1014 posts • joined 23 Sep 2008
Re: I can honestly say I'm not a fanboi. The gear is just easier to use
I have NEVER bought this argument. I've been a Mac user since '84 and I find them just as much as a PITA to use as PCs - which I first encountered in '94. I've used smartphones since '99 and yet, when presented with an iDevice (you know how it is. You work in IT so as soon as someone gets a gadget you keep getting handed it and asked "How do you do X with it?") it takes me just as long to figure out how to do stuff as it does any other phone. Just the other day someone handed me his new iPad and asked me how to bookmark a page. After a few seconds I spotted a symbol that looked VERY vaguely like it might refer to bookmarks and tapped it. All it did was LIST them. The bookmark button doesn't let you ADD bookmarks? Turns out that is a different button whose icon bares no resemblance whatsoever to adding, bookmarks or anything else. Why would you prevent someone bookmarking a page from the bookmarks?
My Mum picked up my Wife's cheapy Android device and within seconds was delighted that she had managed to find and use a recipe search app and declared it was the easiest phone she'd ever used and wanted one. I bought her the exact same phone for her birthday 3 weeks ago and she STILL can't figure out how to send a Text message??
I simply don't buy that any of them are particularly easy to use. People, under certain circumstances, will be driven to trying things to find out how they work. On a different day, in a different mood, they'll be petrified and declare it is "too difficult" to use. Maybe dropping £500 on an iPhone just "inspires" more people to be brave than spending £50 on a Huawei from Tesco.
Re: Remote controls
"skipping past channels that do nothing but sell tawdry jewellery"
I just set up a "Favourites" list with the half a dozen channels we ever bother with. I can get to the favourites list with two key preses (GUIDE and BLUE) and then, at a glance, see what is on/coming for all the channels of any worth.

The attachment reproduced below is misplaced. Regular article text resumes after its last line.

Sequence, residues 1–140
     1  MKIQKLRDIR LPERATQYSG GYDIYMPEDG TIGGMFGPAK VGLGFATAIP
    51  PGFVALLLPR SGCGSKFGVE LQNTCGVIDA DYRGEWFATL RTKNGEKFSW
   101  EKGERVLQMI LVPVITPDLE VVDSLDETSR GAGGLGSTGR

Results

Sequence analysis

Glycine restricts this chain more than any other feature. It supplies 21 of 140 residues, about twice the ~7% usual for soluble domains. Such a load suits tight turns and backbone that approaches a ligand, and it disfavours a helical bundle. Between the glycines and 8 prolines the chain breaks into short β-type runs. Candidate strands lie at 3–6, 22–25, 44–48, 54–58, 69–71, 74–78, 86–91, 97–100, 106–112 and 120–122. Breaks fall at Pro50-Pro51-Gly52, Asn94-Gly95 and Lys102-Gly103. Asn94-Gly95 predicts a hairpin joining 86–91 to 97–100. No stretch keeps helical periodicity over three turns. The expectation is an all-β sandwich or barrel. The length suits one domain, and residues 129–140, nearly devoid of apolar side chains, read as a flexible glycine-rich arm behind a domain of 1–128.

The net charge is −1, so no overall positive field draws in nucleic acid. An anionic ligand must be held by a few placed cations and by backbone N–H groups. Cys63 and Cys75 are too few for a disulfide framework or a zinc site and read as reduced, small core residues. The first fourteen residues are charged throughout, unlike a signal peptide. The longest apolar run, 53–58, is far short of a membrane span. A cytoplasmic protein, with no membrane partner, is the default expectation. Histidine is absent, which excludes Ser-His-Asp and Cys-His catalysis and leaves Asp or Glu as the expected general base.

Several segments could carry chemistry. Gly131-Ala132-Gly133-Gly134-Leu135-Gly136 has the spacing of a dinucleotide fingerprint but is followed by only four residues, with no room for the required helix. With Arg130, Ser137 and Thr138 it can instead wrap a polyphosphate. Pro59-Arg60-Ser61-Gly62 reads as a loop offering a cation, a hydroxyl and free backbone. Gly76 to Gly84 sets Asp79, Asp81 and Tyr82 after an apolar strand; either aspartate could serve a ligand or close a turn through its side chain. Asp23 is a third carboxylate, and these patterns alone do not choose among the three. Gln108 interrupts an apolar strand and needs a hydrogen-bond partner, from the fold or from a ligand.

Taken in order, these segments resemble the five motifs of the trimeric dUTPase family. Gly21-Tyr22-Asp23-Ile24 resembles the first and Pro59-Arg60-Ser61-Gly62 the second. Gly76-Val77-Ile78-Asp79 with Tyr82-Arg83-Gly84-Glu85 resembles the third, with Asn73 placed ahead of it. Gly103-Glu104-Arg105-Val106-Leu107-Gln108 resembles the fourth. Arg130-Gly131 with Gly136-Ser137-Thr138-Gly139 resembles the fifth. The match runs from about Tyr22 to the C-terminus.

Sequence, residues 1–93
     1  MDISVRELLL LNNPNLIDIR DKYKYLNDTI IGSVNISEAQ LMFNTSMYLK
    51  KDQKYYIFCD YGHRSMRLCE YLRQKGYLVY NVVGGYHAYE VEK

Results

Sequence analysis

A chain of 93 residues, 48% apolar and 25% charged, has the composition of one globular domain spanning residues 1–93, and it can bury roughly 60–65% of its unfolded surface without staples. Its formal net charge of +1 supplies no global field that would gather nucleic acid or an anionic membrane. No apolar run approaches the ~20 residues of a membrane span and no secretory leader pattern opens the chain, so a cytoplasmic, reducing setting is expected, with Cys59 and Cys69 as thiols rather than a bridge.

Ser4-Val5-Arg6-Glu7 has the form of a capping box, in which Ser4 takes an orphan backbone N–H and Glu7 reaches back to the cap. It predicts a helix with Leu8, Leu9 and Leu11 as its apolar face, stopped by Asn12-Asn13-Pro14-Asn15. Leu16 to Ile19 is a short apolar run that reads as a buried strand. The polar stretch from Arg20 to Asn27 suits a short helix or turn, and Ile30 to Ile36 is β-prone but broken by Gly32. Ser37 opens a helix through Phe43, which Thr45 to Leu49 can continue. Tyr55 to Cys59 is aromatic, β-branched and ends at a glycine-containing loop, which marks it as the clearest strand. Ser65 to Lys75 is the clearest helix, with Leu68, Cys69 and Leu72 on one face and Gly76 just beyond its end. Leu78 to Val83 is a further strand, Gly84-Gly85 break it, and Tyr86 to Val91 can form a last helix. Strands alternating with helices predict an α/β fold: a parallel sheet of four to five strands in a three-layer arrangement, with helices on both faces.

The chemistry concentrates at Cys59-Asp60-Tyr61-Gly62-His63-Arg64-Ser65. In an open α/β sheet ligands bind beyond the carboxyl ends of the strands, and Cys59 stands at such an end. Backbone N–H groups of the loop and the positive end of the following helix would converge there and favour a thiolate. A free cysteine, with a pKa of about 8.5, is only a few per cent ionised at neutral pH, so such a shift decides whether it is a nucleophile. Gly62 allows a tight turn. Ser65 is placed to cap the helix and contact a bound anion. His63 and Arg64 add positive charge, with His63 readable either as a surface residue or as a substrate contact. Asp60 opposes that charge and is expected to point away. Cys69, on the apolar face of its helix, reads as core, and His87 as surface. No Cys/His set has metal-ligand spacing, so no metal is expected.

And the answer is usually bugger all.
Re: Am I the only one that writes helpsheets for family?
Not for family but, when we go on holiday, we tend to house-swap with random foreign-types (German's last year, Norwegians this). I have had to write a manual for the entire house - including our all-in-one remote - that can be understood by people for whom English is not their first language. It really does make you stop and think. Trying to describe how to switch the remote into one mode, turn the telly on, set the source, switch to the satelite box etc etc really is a challenge when trying to stick to fairly simple words. I end up using lots of pictures (stolen from the PDF manual) and then use MS Paint to draw circles around the relevant buttons.
Re: Telly upgrade
> what do these do that the last tellies didn't?
Lower power consumption, higher contrast ratios, better viewing angles and clearer in sunlight.
And no, I won't be upgrading either. I REALLY love my films and something like Hero on BlueRay does look absolutely stunning but, its just a telly. It should last at least ten years before I have to replace it and the current one is probably 3 years old. In fairness, the last one only lasted a couple of years but that's because my, then, two-year-old drove a tractor across it and broke the glass. But that's okay. I stopped crying a couple of months ago and now we even let him out of his room every once in a while.
Re: …hook up two of these over a 500Mb/s powerline backbone
You'd be better off with a Wireless range extender. My parents live in a 200 year-old converted chapel with 1m thick stone walls. The WiFi has always been horrific. I got a TP-Link WiFi range extender off amazon for just over £20. It took a little bit of fiddling to set up (TP-Link use a different IP range to almost every other router manufacturer so you have to change it in the setup software) but, once up and running, it provided 4-5 bars of coverage throught the house. And you can add more if you need.